As Passover rapidly approaches, Rabbi Dov Schreier, the Orthodox Union Kosher Division’s Rabbinic Coordinator for Food Services, is making final preparations for certifying leading New York restaurants as OU Kosher for Passover.
“The game plans are falling into place and the arrangements are being made for the koshering,” Rabbi Schreier said. “As Pesach approaches, the preparation for the turnover of the restaurants and their service of quality Kosher for Pesach food to thousands of people is almost upon us.”
The restaurants will be open for the Passover seders Wednesday, April 12 and Thursday, April 13, with pre-reservations, as well as for the three intermediate days (Chol Hamoed), Sunday, April 16 through Tuesday afternoon, April 18.
The restaurants that will be open in New York include:*
Previously OU certified as kosher for Passover:
Prime Grill (will also be open in Miami)
Mendy’s 34th Street
Le Marais (will also be open in Miami)
Newly OU certified year round and for Passover:
Village Crown Catering (This is not the restaurant, but its catering commissary which will be taking orders for delivery.)
La Carne Grill (Only open for intermediate days.)
First time open for Passover
* Contact the individual restaurants for more information.
As early as Chanuka, Rabbi Schreier was already immersed in springtime planning for Passover due to the extensive certification process. As the Orthodox Union Kosher Division’s Rabbinic Coordinator for Food Services — which includes restaurants, caterers, hospitals and nursing homes — Rabbi Schreier was meeting with the management of upscale restaurants in New York, going over the process of converting their establishments from OU Kosher to the even stricter OU Kosher for Passover.
“With the addition of four new facilities under the OU, joining with old time restaurants to stay open for Passover, Pesach is a busy time of year,” declared Rabbi Schreier. “Despite the fact that this Chol Hamoed is shorter than last year’s, the restaurants still feel it is worthwhile to kosherize for Passover.”
There is an incentive for restaurants to engage in the costly and arduous process of opening for Passover, Rabbi Schreier explains. They have fixed costs, such as staff on weekly payroll, who must be compensated whether the restaurant is doing business or not. Moreover, the restaurants risk losing some of their non-kosher (including non-Jewish) clientele to restaurants that are open during the period. So there are sound financial reasons for sitting down with Rabbi Schreier as early as Chanukah, to prepare for a holiday that is still months away.
As Passover approaches, Rabbi Schreier returns to finalize the game plan with management and with the mashgiach temidi, the rabbinic overseer who by OU regulations must be present at all times an OU certified restaurant is open. The restaurant closes its doors for one very busy night, when a cleaning crew comes in “to make the place like new,” Rabbi Schreier says: when an engineer arrives to raise the temperature of the dishwashers; when a steam cleaner is present to work on the kettles; and when the silverware is purged in boiling water.
Restaurants make a large investment in new utensils, including sheet pans, on which the food is placed in the oven, as well as for china and glasses. Customarily, Rabbi Schreier explains, at Passover restaurants will replace their breakage from the year with the new items; following the holiday, about half will be retained for year-round use, with the remainder locked up under the supervision of the OU rabbi and stored in the restaurant or in a warehouse.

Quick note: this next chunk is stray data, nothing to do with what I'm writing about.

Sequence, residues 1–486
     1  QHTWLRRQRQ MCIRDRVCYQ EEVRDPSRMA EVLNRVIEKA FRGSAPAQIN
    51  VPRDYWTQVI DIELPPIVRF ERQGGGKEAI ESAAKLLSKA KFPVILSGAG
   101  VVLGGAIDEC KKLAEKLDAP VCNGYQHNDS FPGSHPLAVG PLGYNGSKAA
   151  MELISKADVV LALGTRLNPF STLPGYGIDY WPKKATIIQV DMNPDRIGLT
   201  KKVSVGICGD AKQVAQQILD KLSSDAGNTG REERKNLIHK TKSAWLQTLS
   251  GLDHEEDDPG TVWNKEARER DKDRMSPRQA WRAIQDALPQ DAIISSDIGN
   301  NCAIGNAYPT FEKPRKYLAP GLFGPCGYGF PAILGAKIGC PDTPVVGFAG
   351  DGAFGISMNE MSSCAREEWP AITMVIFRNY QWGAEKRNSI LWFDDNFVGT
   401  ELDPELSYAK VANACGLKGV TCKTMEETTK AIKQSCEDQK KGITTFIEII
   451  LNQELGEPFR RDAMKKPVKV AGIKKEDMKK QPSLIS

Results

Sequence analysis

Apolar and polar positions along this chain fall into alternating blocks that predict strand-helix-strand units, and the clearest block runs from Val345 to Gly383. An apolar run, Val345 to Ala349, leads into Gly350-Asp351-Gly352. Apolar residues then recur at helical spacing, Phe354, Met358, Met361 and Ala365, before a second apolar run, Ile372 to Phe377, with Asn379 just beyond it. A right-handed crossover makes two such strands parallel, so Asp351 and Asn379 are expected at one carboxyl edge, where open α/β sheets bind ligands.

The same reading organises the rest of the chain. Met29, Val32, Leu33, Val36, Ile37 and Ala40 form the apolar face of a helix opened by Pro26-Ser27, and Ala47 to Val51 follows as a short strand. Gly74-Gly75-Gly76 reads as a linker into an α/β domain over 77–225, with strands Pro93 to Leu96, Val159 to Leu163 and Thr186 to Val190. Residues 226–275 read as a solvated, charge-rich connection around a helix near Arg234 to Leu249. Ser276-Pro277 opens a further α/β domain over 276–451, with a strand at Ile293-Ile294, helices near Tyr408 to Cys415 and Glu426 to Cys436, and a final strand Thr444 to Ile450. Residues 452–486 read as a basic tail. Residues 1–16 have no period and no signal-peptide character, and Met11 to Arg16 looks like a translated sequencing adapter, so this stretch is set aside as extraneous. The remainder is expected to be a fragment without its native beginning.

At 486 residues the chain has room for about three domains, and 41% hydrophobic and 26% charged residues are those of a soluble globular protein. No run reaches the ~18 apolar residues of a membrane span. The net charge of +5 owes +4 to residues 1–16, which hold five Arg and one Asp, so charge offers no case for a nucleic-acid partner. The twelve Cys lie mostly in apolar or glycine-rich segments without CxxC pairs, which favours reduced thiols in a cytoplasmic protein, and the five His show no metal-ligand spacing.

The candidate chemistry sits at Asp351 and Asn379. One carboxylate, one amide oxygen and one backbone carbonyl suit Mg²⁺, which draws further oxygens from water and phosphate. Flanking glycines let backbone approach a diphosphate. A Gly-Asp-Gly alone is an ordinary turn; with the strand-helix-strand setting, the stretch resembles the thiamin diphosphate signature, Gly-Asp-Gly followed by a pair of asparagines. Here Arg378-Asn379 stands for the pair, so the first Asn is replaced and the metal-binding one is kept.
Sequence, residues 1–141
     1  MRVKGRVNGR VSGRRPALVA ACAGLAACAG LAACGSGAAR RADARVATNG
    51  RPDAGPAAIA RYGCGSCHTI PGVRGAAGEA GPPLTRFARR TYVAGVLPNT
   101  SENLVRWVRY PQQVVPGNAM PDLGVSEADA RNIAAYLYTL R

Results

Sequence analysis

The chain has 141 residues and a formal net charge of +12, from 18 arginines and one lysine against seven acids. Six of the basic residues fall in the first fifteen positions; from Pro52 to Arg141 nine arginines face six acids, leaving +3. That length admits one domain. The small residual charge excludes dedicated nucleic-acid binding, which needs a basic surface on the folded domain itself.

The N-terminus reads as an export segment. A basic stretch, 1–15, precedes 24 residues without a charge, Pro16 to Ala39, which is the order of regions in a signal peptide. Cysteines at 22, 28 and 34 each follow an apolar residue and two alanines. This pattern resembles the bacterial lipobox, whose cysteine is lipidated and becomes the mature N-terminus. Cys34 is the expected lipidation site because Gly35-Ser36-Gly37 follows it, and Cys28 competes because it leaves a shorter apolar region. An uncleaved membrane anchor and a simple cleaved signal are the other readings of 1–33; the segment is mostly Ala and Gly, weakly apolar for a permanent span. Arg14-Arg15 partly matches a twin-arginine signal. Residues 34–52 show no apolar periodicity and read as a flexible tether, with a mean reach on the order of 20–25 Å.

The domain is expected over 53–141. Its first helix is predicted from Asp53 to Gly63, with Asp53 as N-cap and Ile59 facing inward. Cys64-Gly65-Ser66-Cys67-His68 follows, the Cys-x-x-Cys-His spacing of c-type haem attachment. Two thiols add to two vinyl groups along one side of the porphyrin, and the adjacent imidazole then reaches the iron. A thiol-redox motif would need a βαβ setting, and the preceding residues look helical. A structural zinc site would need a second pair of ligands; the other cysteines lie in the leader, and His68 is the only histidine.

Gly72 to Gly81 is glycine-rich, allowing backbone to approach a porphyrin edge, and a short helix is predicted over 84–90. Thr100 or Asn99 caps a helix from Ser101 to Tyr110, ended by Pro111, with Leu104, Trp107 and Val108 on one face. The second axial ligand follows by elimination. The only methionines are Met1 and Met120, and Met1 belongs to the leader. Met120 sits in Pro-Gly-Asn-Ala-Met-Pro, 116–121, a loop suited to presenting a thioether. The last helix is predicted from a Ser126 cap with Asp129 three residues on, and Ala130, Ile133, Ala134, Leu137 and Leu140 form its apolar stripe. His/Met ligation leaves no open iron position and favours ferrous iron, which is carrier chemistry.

As the cleaning process continues, convection ovens are purged (with torches), stove tops kosherized with high heat and covered with foil, tables are set with a lining under freshly laundered tablecloths, and recipes are checked for ingredients. Once, Rabbi Schreier found a recipe that included peas and carrots – which are kitniyot, that is, legumes – and are prohibited for Ashkenazi Jews during Passover. The offending ingredients were quickly removed.
The whole process takes between ten and fifteen hours, Rabbi Schreier says, with an OU supervisor being present, along with the masgiach temidi, the whole time.
At some point Rabbi Schreier will also meet with the restaurant’s staff about “the do’s and don’ts” of the holiday – “you can’t bring in food, drinks, chocolate bars and the like,” he informs them. Management is very cooperative. “Proprietors are interested in a quality product and don’t want headaches from keeping kosher,” Rabbi Schreier explains. “They say to their staffs, ‘No playing games. You must follow the rules.’”
Then there is the matter of food. Presumably the restaurant has used up all its pre-holiday food. What remains is sold to a non-Jew using a rabbinic formula. The sold food is then sealed in boxes and locked up under the OU rabbi’s supervision to prevent its use by mistake. Most OU wines are Kosher for Passover, but only unopened bottles may be used on the holiday.
Clearly, given such preparation, restaurants will raise their prices at Passover – the food and ingredients they use have become more expensive as well. But the result of the time and expense will be worth it at OU certified restaurants – both for management and the customer.
“If anyone goes to an OU certified Kosher for Passover restaurant,” Rabbi Schreier declared, “he or she can be confident that the kosherizing was done properly and that everything is in accordance with Jewish law.”
Or, as he might add, “Chag Kasher v’Sameach” – a Kosher and Joyful Festival.